Human fascination with flying can be traced back to ancient India where the epic Ramayana mentions the “Pushpak Vimaan”. As centuries passed by and technologies advanced, our idea of flying began to take a more definite shape. A major breakthrough was achieved during the Renaissance period in 16th century Italy, which saw the rising star of one of the world’s most versatile personalities – Leonardo Da Vinci. While we know him today as a revolutionary painter, Da Vinci’s interests were not confined to mere artistry. In fact, one subject that he was passionate about was mechanical dynamics that would enable humans to soar the skies.
As a result, he produced close to 500 sketches, providing vivid details about flight engineering and in 1506, he wrote a small manuscript on the subject called ‘Codex on the Flight of Birds’. Encouraged by Da Vinci’s pioneering research, many other thinkers and scientists explored the possibility of human flight. However, it was not until the 18th century that any fruitful progress was made. Let us take brief tour into the history of aircraft engines.
- Isaac Newton: In the 18th century, the English physicist and mathematician, Sir Isaac Newton, theorized, based on his own Third Law of Motion, that a rearward-channeled explosion could push forward a machine at a higher speed.
- Henri Giffard: The French engineer is known to have built the first aircraft engine that was a three horse-powered steam engine. Unfortunately, it was too heavy to fly.
- Otto Daimler: The German engineer is famous to have invented the world’s first gasoline engine in the late 19th century.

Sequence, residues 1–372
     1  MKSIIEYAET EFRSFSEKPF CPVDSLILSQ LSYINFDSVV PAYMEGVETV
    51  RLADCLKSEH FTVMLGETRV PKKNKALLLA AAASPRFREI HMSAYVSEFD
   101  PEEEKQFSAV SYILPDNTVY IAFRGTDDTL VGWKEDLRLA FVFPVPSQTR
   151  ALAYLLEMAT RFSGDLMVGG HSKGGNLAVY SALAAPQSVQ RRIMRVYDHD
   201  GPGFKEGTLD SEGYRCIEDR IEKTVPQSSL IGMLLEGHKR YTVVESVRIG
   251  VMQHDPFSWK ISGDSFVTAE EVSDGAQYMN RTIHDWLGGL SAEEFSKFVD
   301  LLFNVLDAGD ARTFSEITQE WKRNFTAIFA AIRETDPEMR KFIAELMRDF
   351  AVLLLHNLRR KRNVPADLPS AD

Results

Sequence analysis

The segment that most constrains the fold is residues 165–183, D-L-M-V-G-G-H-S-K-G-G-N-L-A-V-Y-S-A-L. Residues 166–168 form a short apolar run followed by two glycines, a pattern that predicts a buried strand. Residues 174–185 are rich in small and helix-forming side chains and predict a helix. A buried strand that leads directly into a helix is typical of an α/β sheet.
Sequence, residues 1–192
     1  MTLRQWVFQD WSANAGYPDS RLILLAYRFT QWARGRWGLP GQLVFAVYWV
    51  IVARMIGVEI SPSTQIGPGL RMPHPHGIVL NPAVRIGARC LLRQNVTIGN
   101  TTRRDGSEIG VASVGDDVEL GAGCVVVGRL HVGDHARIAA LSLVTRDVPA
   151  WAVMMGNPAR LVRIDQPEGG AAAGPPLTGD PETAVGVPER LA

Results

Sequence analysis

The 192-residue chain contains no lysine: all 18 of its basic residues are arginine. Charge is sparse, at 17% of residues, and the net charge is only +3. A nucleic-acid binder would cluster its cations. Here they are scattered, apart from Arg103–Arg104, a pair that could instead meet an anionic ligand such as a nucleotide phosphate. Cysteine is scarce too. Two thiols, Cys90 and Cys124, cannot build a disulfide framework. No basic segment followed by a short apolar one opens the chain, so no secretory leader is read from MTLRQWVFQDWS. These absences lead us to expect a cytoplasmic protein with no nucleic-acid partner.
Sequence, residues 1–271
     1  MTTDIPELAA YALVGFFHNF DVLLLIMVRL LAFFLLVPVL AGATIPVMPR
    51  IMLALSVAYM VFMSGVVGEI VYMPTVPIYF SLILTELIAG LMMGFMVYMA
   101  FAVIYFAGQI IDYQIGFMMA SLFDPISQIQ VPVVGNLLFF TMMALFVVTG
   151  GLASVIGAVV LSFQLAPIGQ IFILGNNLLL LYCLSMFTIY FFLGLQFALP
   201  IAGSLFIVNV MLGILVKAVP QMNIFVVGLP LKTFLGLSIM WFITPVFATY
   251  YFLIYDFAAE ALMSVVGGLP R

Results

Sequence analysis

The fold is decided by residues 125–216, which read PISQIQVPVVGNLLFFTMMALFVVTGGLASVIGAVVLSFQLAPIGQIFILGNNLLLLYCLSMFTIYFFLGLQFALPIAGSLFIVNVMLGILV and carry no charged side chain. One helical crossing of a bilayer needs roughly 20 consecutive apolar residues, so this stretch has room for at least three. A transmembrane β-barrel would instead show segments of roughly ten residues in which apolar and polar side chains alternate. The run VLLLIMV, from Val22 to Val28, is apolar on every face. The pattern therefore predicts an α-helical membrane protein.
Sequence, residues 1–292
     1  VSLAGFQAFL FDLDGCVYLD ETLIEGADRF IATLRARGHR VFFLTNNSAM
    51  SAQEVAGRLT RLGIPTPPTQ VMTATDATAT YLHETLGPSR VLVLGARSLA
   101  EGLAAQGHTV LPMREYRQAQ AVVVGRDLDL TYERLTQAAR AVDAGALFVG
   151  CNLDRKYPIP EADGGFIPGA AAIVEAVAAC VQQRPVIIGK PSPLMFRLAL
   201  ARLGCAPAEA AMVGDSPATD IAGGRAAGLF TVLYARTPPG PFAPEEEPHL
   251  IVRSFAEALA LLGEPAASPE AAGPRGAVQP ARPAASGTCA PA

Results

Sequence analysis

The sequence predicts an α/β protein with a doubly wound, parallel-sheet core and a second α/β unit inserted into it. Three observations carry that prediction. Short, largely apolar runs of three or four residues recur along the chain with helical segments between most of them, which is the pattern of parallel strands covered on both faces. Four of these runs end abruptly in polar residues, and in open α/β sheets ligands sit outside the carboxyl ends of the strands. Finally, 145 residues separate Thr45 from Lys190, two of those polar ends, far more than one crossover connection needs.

- Samuel Langley: This American astronomer and physicist-built steam engine-powered model airplanes and in 1896, successfully flew the Aerodrome, an unmanned airplane with an engine powered by steam.
- The Wright Brothers: In 1903, these American aviation pioneers successfully flew the world’s first 12 horsepower gas-powered engine called The Flyer. Their internal combustion technology in engines paired with propellers was replicated by the world over till the 1930s.
- Frank Whittle: The British pilot, Frank Whittle, patented the world’s first turbo jet engine in 1930 and in 1941, the first Whittle engine took flight.
- Hans von Ohain: This German physicist successfully flew the world’s first turbojet-powered plane in 1939, a few years before Whittle.
- 1942: General Electric built America’s first jet engine for the US Air Force, which flew in 1942.
Coming back to the 21st century, aircraft engine technology has made remarkable headway and its rate of progress is showing no signs of slowing down. One of the most prominent trends that is redrawing the contours of the aircraft engine is the increasing focus on sustainability. This shift has been gradual as travelers, companies, and government became more educated on the tremendous harm caused by airplanes to the atmosphere. According to the Center for Biological Diversity, airplanes are likely to emit 43 gigatons of pollutants that can warm up the planet at an immeasurable rate by 2050. To meet this challenge, many international organizations are taking decisive steps.
ICAO’s Environment Committee Adopts Strong Measures
In February 2019, the Committee on Aviation Environmental Protection (CAEP) of the International Civil Aviation Organization (ICAO) met at Montreal and agreed upon some stringent measures to reduce the impact of aviation on the environment. These measures included:
- New regulations to limit the emission of non-volatile Particulate Matter (nvPM) from aircraft engines;